On the road to Gundagai

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It was time to go home. Google maps picked us a route via the city motorways to the Hume Highway but it being a workday morning, we politely declined. Or maybe not very politely. 😊Instead, we went to the nearby town of Gisborne for breakfast. There aren’t too many places open anywhere at that time of day so we went to a cafe we’d gone into a day or two before, for a cup of tea. The lass at the counter looked at us aghast, as though we’d asked for a line of heroin. “We don’t do tea.” We’d gone elsewhere for tea, but the cafe did a good, cooked breakfast with a mug of coffee.

From there we negotiated a route of surprisingly busy ‘C’ roads to the Hume Highway well beyond Melbourne. The Hume, which crosses the Murray River and the border at Albury, is another river port, with Wodonga on the Victorian side and Albury in New South Wales. Since we’d enjoyed the Beechworth Bakery in Echuca so much, we made a point of finding the Beechworth Bakery in Albury for a lunch stop. It turned out to be a huge disappointment. Rather than a grand old building on the riverbank, the restaurant was a cramped shop in the town’s large mall. The service wasn’t brilliant, and the food was forgettable.

We headed on up the highway for our overnight stop in Gundagai.

We’d driven the Hume several times years ago. Back then the state of the road signalled which state we were in. The Victorian side of the Hume was a four-lane highway. Past the ‘Welcome to NSW’ sign it was two lanes with passing lanes here and there, with the speed limits changing it felt like every few kilometres. But that was the past. It’s now an excellent motor way all the way, passing through rolling green hills dotted with sheep and cattle.

The highway now bypasses Holbrook but we made a detour to take a picture of HMAS Otway. This Australian submarine was (obviously) retired some time ago and its shell above the waterline is installed in a park as part of a submarine museum. The museum houses some artefacts from the Otway and a reconstruction of its wardroom.

You would be forgiven for asking why there is a submarine museum in inland NSW. The town was originally named Germanton but amid anti-German sentiment after the First World War it was renamed to Holbrook, after Royal Navy Commander Norman Holbrook, who earned a Victoria Cross in 1914. He commanded B11 an obsolete submarine which carried out a dangerous mission to sink an Ottoman battleship, Mesudiye. There’s a model of that submarine in the park.

Holbrook himself had no association with the town before it was renamed, although he and his wife visited it several times afterward.

The scale model of B11 (from Wikipedia [read all about it])

Back in the car, we drove on to Gundagai. We’d never stopped there although we’d seen the sign to the dog on the tuckerbox. It’s a part of Australian folklore and of course the tiny town has used it to attract tourists.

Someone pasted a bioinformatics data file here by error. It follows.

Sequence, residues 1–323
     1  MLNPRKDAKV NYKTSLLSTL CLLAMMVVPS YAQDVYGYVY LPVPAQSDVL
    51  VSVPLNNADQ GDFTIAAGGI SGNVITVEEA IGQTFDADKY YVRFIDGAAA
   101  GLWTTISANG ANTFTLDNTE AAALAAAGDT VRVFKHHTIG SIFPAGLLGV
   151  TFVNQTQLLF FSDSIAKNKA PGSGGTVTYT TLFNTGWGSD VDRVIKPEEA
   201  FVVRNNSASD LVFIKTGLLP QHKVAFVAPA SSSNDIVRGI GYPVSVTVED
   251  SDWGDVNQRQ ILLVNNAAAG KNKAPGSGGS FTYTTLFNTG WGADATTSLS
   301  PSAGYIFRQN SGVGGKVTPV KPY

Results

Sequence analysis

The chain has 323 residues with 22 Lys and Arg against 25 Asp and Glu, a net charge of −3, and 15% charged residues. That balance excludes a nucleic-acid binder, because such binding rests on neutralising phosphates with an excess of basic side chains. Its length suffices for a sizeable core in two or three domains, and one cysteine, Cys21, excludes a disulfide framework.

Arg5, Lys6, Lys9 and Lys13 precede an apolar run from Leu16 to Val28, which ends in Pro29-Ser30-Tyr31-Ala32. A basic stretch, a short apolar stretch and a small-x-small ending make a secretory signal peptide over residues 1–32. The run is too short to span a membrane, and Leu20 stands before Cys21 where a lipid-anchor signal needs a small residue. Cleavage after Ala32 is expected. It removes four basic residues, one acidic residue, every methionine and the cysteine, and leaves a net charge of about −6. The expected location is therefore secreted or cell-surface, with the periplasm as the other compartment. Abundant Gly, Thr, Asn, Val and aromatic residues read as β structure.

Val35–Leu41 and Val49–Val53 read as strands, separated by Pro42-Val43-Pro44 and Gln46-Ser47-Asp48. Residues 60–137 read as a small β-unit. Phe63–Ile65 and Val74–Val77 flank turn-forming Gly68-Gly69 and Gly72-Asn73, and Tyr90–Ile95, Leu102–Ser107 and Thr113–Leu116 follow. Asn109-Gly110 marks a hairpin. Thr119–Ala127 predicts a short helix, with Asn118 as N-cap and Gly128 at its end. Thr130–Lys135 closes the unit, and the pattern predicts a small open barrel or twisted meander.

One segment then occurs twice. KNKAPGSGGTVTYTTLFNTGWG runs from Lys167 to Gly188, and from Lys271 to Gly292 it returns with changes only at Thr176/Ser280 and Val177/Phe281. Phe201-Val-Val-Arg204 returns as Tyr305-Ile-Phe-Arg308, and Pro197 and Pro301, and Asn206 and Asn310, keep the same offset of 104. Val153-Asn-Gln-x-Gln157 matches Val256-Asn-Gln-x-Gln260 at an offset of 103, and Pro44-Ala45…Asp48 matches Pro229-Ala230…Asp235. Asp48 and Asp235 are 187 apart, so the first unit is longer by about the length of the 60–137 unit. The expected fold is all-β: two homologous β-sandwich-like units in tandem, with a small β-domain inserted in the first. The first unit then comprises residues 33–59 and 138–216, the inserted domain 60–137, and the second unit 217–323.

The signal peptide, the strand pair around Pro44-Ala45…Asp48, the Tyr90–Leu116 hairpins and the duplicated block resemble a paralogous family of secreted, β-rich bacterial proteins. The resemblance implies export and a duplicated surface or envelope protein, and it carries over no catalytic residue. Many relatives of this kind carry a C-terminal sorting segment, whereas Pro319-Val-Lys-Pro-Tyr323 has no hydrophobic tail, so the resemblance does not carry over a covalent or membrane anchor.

“The inspiration for the statue has been traced to a poem, “Bullocky Bill”, published anonymously by “Bowyang Yorke” in 1857. Other references state that the poem was published in 1880, in the Gundagai Times, but confirmation of either date is hard to find. The poem humorously describes a series of misfortunes faced by a bullock driver, culminating in his dog either sitting on or spoiling the food in his tucker-box – an Australian colloquialism for a box that holds food, similar to a lunchbox, but larger.” You can read the poem on Wikipedia.

This folksong is the version everyone remembers.

We had some fun finding the motel we’d booked, even with (or maybe because of) help from Google Maps. The address was given as No.1 on the road. Google took us along a very beautiful winding road along the banks of the Murrumbidgee and said we’d reached our destination with not a building in sight a good five kilometres out of town. We backtracked and found the caravan park with Google turned off. It was the other end of that same road.

It’s a large park with plenty of powered and unpowered sites – and something we’d never seen before – covered parking for caravans. I expect the fee was rather higher. Some of them are shown in the picture below, top right.

Cabins for those without vans, and undercover parking for vans

The caravan park has also catered for tourists like us who don’t tow a van. The cabins are built by Jayco, a company which builds caravans. It was spacious and comfortable and had all the mod cons for a longer stay. We walked to the local bowls club in the town’s main street for dinner. But it wasn’t the most peaceful night. The Hume Highway passes much closer to the park than we’d imagined and heavy traffic travels up and down that road all night.

We actually visited the dog on the tuckerbox on our way the next day, it being situated ‘5 miles from Gundagai’ on the northern side.

Next time we’re approaching the Big Smoke.

Spring is in the air via Midjourney

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